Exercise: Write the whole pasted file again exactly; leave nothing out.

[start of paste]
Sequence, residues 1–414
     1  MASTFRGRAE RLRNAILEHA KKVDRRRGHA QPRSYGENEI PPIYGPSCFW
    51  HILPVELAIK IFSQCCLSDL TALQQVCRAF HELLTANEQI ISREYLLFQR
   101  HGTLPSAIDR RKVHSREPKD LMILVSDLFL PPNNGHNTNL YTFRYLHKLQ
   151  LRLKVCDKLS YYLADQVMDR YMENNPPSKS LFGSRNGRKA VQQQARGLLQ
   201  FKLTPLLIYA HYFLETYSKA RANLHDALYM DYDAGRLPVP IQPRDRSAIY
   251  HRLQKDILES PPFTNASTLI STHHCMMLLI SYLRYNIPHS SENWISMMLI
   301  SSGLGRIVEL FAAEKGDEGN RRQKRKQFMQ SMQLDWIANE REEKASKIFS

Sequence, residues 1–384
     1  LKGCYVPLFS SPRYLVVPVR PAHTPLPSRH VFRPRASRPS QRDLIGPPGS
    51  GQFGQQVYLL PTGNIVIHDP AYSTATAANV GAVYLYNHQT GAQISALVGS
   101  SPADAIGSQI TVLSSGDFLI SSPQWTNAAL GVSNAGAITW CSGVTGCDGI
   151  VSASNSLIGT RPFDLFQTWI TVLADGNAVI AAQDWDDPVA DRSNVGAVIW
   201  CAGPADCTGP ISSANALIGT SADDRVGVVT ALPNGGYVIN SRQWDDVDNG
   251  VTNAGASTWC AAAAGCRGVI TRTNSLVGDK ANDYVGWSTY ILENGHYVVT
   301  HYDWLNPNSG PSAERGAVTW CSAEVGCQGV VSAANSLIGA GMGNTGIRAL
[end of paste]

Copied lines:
Sequence, residues 1–414
     1  MASTFRGRAE RLRNAILEHA KKVDRRRGHA QPRSYGENEI PPIYGPSCFW
    51  HILPVELAIK IFSQCCLSDL TALQQVCRAF HELLTANEQI ISREYLLFQR
   101  HGTLPSAIDR RKVHSREPKD LMILVSDLFL PPNNGHNTNL YTFRYLHKLQ
   151  LRLKVCDKLS YYLADQVMDR YMENNPPSKS LFGSRNGRKA VQQQARGLLQ
   201  FKLTPLLIYA HYFLETYSKA RANLHDALYM DYDAGRLPVP IQPRDRSAIY
   251  HRLQKDILES PPFTNASTLI STHHCMMLLI SYLRYNIPHS SENWISMMLI
   301  SSGLGRIVEL FAAEKGDEGN RRQKRKQFMQ SMQLDWIANE REEKASKIFS

Sequence, residues 1–384
     1  LKGCYVPLFS SPRYLVVPVR PAHTPLPSRH VFRPRASRPS QRDLIGPPGS
    51  GQFGQQVYLL PTGNIVIHDP AYSTATAANV GAVYLYNHQT GAQISALVGS
   101  SPADAIGSQI TVLSSGDFLI SSPQWTNAAL GVSNAGAITW CSGVTGCDGI
   151  VSASNSLIGT RPFDLFQTWI TVLADGNAVI AAQDWDDPVA DRSNVGAVIW
   201  CAGPADCTGP ISSANALIGT SADDRVGVVT ALPNGGYVIN SRQWDDVDNG
   251  VTNAGASTWC AAAAGCRGVI TRTNSLVGDK ANDYVGWSTY ILENGHYVVT
   301  HYDWLNPNSG PSAERGAVTW CSAEVGCQGV VSAANSLIGA GMGNTGIRAL